Continuous Issues in Numerical Cognition: How Many or How Much re-examines the widely accepted view that there exists a core numerical system within human beings and an innate ability to perceive and count discrete quantities. This core knowledge involves the brain's intraparietal sulcus, and a deficiency in this region has traditionally been thought to be the basis for arithmetic disability. However, new research findings suggest this wide agreement needs to be examined carefully and that perception of sizes and other non-countable amounts may be the true precursors of numerical ability. This cutting-edge book examines the possibility that perception and evaluation of non-countable dimensions may be involved in the development of numerical cognition. Discussions of the above and related issues are important for the achievement of a comprehensive understanding of numerical cognition, its brain basis, development, breakdown in brain-injured individuals, and failures to master mathematical skills.
Dr. Avishai Henik is a Distinguished Professor of Psychology at Ben-Gurion University of the Negev and Chair of the recently established Inter-Faculty Brain Sciences School. Prior to this he held visiting scientist positions at U.C. Davis, U.C. Berkeley, and the University of Utah. He holds a position on the Board of the journal Neuropsychologia, was recently guest editor for Developmental Neuropsychology on the topic of Numerical Cognition, and serves regularly as an ad hoc reviewer for various journals in the field and granting agencies. Dr. Henik has over 200 publications of which most are in peer reviewed journals. A leader in the field, he has been awarded a prestigious European Research Council (ERC) advanced grant to continue his cutting-edge research on the contribution of non-countable dimensions to the development and understanding of numerical cognition. Dr. Henik is also the coordinator of an Israeli Science Foundation (ISF) Center of Excellence, which aims to study the neurocognitive basis of numerical cognition, and currently holds the Zlotowski Chair of Cognitive Neuropsychology.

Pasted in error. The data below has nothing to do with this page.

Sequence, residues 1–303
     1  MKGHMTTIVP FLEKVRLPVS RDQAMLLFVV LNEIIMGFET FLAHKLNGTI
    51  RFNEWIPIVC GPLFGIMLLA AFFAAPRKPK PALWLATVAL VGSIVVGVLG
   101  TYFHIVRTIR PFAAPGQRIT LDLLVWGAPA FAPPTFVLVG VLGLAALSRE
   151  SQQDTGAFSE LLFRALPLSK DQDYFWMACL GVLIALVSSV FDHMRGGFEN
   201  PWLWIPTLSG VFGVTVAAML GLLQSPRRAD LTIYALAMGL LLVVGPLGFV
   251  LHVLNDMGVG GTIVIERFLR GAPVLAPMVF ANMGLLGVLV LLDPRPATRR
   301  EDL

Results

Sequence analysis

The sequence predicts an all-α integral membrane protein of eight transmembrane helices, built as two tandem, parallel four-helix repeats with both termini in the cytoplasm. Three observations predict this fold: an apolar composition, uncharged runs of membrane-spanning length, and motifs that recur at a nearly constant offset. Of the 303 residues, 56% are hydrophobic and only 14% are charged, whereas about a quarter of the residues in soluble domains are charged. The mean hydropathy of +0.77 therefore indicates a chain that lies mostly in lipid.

SECTION I. DEVELOPMENT 1. Development of quantitative thinking across correlated dimensions Kelly S. Mix, Susan C. Levine and Nora S. Newcombe 2. Link between numbers and spatial extent from birth to adulthood Maria Dolores de Hevia 3. Catching math problems early: Findings from the number sense intervention project Nancy C. Jordan and Nancy Dyson 4. Contextual sensitivity and the large number word bias: When is bigger really more? Michele M. Mazzocco, Jenny Yun-Chen Chan and Maria Sera 5. Learning, ageing, and the number brain Marinella Cappelletti 6. The development of counting ability - An evolutionary computation point of view Gali Katz, Amit Benbassat and Moshe Sipper SECTION II. ANIMAL STUDIES 7. Number vs. continuous quantities in lower vertebrates Christian Agrillo, Maria Elena Miletto Petrazzini and Angelo Bisazza 8. Going for more: Discrete and continuous quantity judgments by nonhuman animals Michael J. Beran and Audrey E. Parrish SECTION III. PROCESSES AND MECHANISMS 9. Number sense: What's in a name and why should we bother? Bert Reynvoet, Karolien Smets and Delphine Sasanguie 10. The distribution game: evidence for discrete numerosity coding in preschool children Alain Content and Julie Nys 11. Magnitudes in the coding of visual multitudes: Evidence from adaptation Frank H. Durgin 12. The ordinal instinct: A neurocognitive perspective and methodological issues Orly Rubinstein 13. Discrete and continuous presentation of quantities in science and mathematics education Ruth Stavy and Reuven Babai 14. The interaction of numerical and non-numerical parameters in magnitude comparison tasks with children and their relation to arithmetic performance Swiya Nath and Denes Szucs SECTION IV. MODELS 15. Symbolic and nonsymbolic representation of number in the human parietal cortex Moriah Sokolowski and Daniel Ansari 16. What do we measure when we measure magnitudes? Tali Leibovich, Arava Y. Kallai and Shai Itamar 17. How do humans represent numerical and non-numerical magnitudes? Evidence for an integrated system of magnitude representation across development Stella F. Lourenco 18. The sensory integration theory: An alternative to the approximate number system Wim Gevers, Roi Cohen Kadosh and Titia Gebuis